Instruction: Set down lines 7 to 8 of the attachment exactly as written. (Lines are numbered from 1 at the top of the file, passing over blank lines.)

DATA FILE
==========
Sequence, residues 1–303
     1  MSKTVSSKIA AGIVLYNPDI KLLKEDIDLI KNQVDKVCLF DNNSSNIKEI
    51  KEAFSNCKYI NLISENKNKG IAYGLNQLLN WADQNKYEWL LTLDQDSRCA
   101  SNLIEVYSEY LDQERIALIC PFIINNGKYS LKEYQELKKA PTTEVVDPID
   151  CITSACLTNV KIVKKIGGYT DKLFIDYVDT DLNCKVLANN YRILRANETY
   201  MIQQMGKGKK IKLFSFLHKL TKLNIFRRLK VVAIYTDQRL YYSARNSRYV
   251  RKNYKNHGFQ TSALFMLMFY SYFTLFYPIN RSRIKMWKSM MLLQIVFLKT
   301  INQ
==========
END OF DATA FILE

   251  RKNYKNHGFQ TSALFMLMFY SYFTLFYPIN RSRIKMWKSM MLLQIVFLKT
   301  INQ